Haiti hit by powerful aftershock

Haiti has been hit by a 5.9-magnitude aftershock, leading to more deaths, damaging several buildings and sending people from the nation's capital fleeing into the streets just over a week after a devastating earthquake.

More deaths reported after last week's quake that killed about 200,000

Haiti has been hit by a 5.9-magnitude aftershock, leading to more deaths, damaging several buildings and sending people from the nation's capital fleeing into the streets just over a week after a devastating earthquake.

The country has been hit by a series of aftershocks since last week's 7.0-magnitude quake that has killed at least 200,000 people, with most ranging in magnitude from 4.0 to 5.0, but Wednesday's aftershock has been the strongest.

The U.S. Geological Survey initially reported that the magnitude of the aftershock was 6.1, but they later revised that figure to 5.9.  

The USGS said the latest quake was centred 56 kilometres northwest of Port-au-Prince and was 22 kilometres below the surface.

"Some buildings that had been weakened by the original earthquake have been toppled as a result of this one," CBC's David Common reported from Port-au-Prince. "We are told there have been more deaths as a result."

Common said most people had been staying away from buildings, fearing aftershocks could topple them.

Foreign Affairs Minister Lawrence Cannon said the Canadian Embassy was damaged in the aftershock, but no officials were injured.

How to help

To help those affected by the earthquake, here is a list of organizations accepting donations.

"This definitely is considered a strong earthquake with the potential to cause some major damage," CBC meteorologist Johanna Wagstaffe said.

She said serious shaking would have been felt up to 200 kilometres away from the epicentre.

Common said the aftershock lasted about 10 seconds.

"I know that in places where people were inside, they quickly moved outside because of this," he said. "It was brief but very strong. We saw that the trees swaying, cars were moving around on the road."

Meanwhile, about 100 surgeons, nurses and medics with the 1st Canadian Field Hospital will deploy to Haiti beginning this weekend, CBC News has confirmed.

The mission will be based in Jacmel, a city of 80,000 near the capital that has an airstrip already in use by the Canadian military. The unit will set up a hospital with an intensive care unit and up to 50 beds. Two surgical teams, including a general and orthopedic surgeon, will oversee the operation.

As donations for Haiti pour in from private citizens around the world, the United States has passed a bill allowing faster tax breaks for U.S. donors.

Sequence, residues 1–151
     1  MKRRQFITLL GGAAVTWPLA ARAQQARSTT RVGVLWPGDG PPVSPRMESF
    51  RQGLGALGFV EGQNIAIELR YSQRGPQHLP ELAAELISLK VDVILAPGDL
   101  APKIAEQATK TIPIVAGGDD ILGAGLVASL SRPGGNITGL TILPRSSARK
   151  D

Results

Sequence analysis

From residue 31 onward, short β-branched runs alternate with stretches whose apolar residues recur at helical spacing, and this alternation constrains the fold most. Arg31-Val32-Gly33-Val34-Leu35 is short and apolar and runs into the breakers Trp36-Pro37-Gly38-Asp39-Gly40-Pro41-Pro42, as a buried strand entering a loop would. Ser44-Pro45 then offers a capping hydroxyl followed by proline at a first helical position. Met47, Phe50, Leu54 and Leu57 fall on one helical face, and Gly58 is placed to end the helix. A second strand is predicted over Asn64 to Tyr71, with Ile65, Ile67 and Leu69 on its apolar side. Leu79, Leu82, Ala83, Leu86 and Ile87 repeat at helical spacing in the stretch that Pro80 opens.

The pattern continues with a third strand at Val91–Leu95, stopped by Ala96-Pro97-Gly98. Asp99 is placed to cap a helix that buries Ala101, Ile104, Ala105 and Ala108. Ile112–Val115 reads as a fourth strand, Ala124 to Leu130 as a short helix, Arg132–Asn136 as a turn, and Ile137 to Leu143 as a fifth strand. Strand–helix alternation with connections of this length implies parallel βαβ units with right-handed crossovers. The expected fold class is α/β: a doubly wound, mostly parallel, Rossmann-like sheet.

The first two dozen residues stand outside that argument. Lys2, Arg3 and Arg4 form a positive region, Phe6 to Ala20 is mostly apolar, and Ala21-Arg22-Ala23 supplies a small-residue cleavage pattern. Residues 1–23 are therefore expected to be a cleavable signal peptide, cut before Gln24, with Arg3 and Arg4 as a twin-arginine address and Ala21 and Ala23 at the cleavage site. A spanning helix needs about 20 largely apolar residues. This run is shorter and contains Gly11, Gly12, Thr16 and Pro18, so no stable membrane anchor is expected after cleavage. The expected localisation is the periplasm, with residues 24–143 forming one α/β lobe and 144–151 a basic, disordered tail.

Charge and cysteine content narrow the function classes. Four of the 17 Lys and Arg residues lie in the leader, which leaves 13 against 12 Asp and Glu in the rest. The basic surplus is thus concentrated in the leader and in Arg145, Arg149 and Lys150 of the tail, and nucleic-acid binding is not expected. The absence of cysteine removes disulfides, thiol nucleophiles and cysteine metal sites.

It would allow donations made by the end of February to be deducted from 2009 returns. So far, Ottawa has not made a similar decision for Canadians who donate to the Haitian relief effort.

Ship sent to remove debris

Speaking in India, U.S. Defence Secretary Robert Gates is sending a ship to Haiti's main port to help remove debris that has blocked the delivery of supplies as the U.S. ramps up its relief efforts in the country.

Gates said the ship would carry cranes and could help get the port back in operation within a week or two.

Relief workers have said the damaged port has prevented large ships from docking and stymied the delivery of food and emergency supplies to victims of last week's earthquake.

Bottlenecks at the damaged harbour and at the capital's airport continue to make it difficult to distribute supplies

About 2,200 U.S. marines have joined 9,000 soldiers who were already on the ground. Helicopters have been dropping food off at distribution points.

The U.S. military had been criticized for its organization of the single-runway airport at Port-au-Prince, with some complaining about how it was prioritizing flights.

But the U.S. air force said Tuesday it had raised the facility's daily capacity to 180 flights, from 30 before the quake.

Meanwhile, Alain Jaffre, a spokesman for the World Food Program, said the UN agency hoped to help 100,000 people by Wednesday.

So far, 250,000 ready-to-eat food rations have been distributed in Haiti. Officials say around three million people are in need. The WFP said it needs to deliver 100 million ready-to-eat rations in the next 30 days. 

John Holmes, the UN's humanitarian chief, estimated that about two million Haitians will likely need food aid for six months.

Of the 200,000 believed dead, about 70,000 bodies have been recovered and trucked off to mass graves. Around 250,000 have been injured and 1.5 million left homeless.

But rescue workers are still pulling survivors from the rubble, a week after thousands were killed by the earthquake and days after most experts believed victims could survive.

Around midnight Tuesday, 26-year-old Lozama Hotteline was carried to safety from a collapsed store in the Petionville neighbourhood by the French aid group Rescuers Without Borders.

Earlier that day, Ena Zizi, a 69-year-old ardent Roman Catholic who said she prayed constantly while buried under the rubble, was rescued by a Mexican disaster team.

Doctors who examined Zizi said she was dehydrated and had a dislocated hip and a broken leg.

"I'm all right, sort of," she said.

Experts have said that without water, buried quake victims were unlikely to survive beyond three days.

Zizi said that after the quake, she spoke with a vicar who also was trapped. But after a few days, he fell silent and she spent the rest of the time praying and waiting.

Authorities said close to 100 people had been pulled from wrecked buildings by international search-and-rescue teams.

With files from The Associated Press